Those special tricks are reserved for the Surface Dial. This AAA-powered puck also connects to any Windows 10 Anniversary Update device via Bluetooth, and is sold separate from the Studio for $99.
As its name implies, it twists with haptic feedback and clicks, providing contextualized controls and navigation for Windows 10 and its apps. It reserves a special trick for the Surface Studio, though. When placed on the display, it offers additional controls. For example, twisting the Dial may zoom in on an art app while the Dial is resting on a desk, but placed on the display and turned, it opens a color palette. This enables artists to change colors on the fly without ever removing the Surface Pen from the Surface Studio display. Padding on the Dial bottom helps it stick, particularly with the Surface Studio open 160 degrees.
It measures 2.3 x 1.2 inches, and weighs .31 pounds, with two AAA batteries inserted.
In hand, it feels like a quality accessory. It twists with little resistance, but provides plenty of control for precision movement. We’re looking forward to see what third-party app developers do with it (scrubbing video footage while editing perhaps?), while Microsoft’s own apps already have plenty of neat Dial features. Examples include time lapsing ink input on a marked-up Word Doc and controlling Windows 10 volume.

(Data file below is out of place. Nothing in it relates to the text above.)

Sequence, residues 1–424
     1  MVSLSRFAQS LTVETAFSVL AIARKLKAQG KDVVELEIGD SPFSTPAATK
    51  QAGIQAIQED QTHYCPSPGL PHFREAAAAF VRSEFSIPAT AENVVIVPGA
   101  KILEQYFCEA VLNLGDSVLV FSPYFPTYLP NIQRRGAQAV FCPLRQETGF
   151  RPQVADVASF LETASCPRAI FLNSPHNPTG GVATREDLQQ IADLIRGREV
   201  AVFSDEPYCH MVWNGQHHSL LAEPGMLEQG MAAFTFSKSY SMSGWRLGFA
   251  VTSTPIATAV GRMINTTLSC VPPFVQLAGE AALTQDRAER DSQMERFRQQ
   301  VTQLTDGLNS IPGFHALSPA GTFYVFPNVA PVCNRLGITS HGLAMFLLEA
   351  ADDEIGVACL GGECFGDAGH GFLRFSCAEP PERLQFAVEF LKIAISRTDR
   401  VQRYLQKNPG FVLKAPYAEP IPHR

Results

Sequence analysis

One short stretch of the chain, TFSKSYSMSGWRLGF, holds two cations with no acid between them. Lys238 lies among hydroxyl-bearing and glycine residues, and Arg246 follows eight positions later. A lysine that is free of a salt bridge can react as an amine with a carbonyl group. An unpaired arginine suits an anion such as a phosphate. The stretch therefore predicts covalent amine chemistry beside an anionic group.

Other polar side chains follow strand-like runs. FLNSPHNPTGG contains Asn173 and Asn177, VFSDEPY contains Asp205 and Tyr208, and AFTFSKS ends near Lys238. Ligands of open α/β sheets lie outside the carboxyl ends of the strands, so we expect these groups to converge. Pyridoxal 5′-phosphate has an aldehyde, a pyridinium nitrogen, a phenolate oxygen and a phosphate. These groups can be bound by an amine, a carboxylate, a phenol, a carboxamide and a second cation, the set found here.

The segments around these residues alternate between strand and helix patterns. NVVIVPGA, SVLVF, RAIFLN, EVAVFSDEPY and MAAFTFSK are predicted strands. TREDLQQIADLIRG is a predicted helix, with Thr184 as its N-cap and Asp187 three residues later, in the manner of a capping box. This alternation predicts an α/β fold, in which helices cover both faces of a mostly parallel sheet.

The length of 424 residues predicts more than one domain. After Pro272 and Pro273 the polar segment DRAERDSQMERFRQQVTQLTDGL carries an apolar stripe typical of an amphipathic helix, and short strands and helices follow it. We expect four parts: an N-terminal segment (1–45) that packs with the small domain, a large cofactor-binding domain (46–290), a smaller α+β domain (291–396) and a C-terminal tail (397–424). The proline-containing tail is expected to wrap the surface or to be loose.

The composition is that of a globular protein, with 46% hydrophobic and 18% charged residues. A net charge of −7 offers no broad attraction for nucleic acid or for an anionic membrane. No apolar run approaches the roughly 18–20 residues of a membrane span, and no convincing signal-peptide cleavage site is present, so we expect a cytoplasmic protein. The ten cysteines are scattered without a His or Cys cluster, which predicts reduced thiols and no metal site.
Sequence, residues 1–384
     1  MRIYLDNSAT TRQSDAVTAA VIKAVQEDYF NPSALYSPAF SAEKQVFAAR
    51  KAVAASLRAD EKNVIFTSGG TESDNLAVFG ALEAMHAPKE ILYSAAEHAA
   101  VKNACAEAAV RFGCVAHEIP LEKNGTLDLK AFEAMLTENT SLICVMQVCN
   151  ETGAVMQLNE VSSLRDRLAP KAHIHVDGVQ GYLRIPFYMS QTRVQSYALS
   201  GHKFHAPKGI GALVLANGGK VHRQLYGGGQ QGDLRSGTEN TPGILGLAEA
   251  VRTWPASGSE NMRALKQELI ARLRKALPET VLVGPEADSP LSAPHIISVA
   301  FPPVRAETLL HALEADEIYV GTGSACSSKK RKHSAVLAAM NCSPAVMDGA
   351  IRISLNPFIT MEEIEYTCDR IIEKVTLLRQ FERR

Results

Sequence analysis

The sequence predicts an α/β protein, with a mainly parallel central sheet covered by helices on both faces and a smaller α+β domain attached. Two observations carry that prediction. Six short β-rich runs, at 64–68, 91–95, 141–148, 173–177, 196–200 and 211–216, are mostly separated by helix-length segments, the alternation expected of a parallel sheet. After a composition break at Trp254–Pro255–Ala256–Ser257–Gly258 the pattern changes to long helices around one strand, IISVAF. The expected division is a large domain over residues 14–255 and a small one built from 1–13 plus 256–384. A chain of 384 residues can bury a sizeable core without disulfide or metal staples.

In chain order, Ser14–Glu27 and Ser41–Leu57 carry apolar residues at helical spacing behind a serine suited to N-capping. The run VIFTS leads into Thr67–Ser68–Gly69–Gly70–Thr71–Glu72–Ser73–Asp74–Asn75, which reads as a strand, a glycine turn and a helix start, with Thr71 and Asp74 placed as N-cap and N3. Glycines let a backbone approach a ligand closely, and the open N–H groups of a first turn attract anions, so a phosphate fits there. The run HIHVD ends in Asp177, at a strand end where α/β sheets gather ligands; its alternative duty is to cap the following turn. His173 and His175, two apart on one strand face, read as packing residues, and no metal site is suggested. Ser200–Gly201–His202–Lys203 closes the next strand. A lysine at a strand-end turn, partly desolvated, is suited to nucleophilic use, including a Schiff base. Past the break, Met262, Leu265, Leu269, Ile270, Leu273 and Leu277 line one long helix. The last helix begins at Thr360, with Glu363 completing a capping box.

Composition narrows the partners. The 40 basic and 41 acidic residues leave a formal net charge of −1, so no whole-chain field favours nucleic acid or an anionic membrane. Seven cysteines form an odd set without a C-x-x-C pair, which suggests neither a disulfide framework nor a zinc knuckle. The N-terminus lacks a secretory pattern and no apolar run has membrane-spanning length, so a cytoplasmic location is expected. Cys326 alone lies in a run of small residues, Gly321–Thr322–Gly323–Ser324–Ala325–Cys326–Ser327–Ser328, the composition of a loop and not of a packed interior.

Microsoft Surface Studio Price & Availability
The Surface Studio will ship in time for the holidays, starting at $2999 for the base Core i5 unit, ranging up to $4200 for the Core i7 unit with Nvidia GTX980M, 32GB RAM, and 2TB hard drive. Those prices do not include the $99 Surface Dial.
Windows 10 Creators Update
As the name implies, the Surface Studio is built for content creation, particularly art-based content. And the newest Windows update, coming this spring, is also geared at the same users.
Windows 10 Creators Update, which arrives as a free Windows 10 update, includes new 3D modeling and editing capabilities. The revered Paint app finally sees and update in the form of Paint 3D, with the ability to manage and edit 3D images. Those images can be imported from a 3D Capture camera app, demoed at the event using a Windows Phone device (though hopefully coming soon to Android and iOS), and a Community pane where users can share 3D images. Think of it like a more social clip art.
Going beyond Paint, 3D objects can be imported into Office apps, like PowerPoint, and viewed through Microsoft HoloLens and Microsoft’s new VR headset. Minecraft also factors heavily here, with the ability to pull objects from the game into the Remix3D online studio for editing in Paint or 3D printing.
Microsoft didn’t reveal much about the VR headsets, other than it’s partnered with Dell, HP, Lenovo, Acer, and Asus in creating them, and they’ll start at $299 when they launch in the spring, alongside the Creators Update.
Windows 10 Creators Update also includes the Twitch-like Beam for broadcasting Xbox Live gaming sessions to friends, and it brings friends and frequent contacts up front (like the taskbar) for easier and improved content sharing.
New Surface Book
And that’s not all. While Microsoft did not launch a new Surface Pro, it did add a new and supped-up Surface Book to its lineup.
The high-end Surface Book i7 with Performance Base offers increased performance, with up to 16 hours of battery, according to Microsoft. It also sports a 6th-gen Core i7 processor (hence the name), and a Nvidia GeForce GTX 965M (2GB GDDR5 memory) GPU.
It launches November 10, with 8GB RAM and 256GB SSD for $2399, or with 16GB RAM and 1TB SSD for $3299.